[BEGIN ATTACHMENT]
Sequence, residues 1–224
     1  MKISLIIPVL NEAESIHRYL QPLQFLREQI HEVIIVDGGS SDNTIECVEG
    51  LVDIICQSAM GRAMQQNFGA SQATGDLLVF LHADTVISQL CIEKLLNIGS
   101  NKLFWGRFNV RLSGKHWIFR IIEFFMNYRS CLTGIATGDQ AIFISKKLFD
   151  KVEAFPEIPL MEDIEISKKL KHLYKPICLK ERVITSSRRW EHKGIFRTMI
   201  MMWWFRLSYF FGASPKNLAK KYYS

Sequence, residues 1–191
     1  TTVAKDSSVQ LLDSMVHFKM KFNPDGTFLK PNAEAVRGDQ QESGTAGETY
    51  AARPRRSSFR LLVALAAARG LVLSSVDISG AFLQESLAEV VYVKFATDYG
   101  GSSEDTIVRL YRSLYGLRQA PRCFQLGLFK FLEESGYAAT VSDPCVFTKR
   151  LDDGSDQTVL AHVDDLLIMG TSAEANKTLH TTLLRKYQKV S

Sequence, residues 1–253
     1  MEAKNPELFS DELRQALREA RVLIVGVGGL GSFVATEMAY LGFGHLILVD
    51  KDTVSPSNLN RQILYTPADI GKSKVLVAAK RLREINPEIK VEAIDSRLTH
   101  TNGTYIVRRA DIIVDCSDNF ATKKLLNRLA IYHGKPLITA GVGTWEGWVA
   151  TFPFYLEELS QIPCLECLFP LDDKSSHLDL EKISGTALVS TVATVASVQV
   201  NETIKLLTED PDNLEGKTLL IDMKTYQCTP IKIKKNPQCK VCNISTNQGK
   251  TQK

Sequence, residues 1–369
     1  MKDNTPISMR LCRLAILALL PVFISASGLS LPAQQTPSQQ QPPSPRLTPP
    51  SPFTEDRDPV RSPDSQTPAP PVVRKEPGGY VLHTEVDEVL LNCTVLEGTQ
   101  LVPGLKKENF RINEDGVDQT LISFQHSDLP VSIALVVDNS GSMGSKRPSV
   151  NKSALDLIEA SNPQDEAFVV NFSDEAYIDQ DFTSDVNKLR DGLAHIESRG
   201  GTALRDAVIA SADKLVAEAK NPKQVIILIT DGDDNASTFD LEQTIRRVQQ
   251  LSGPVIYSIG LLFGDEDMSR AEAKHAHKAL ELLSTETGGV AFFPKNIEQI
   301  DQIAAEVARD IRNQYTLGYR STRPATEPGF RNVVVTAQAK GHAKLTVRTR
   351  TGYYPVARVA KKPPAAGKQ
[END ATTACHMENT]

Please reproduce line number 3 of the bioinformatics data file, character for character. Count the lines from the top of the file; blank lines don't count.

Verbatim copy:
    51  LVDIICQSAM GRAMQQNFGA SQATGDLLVF LHADTVISQL CIEKLLNIGS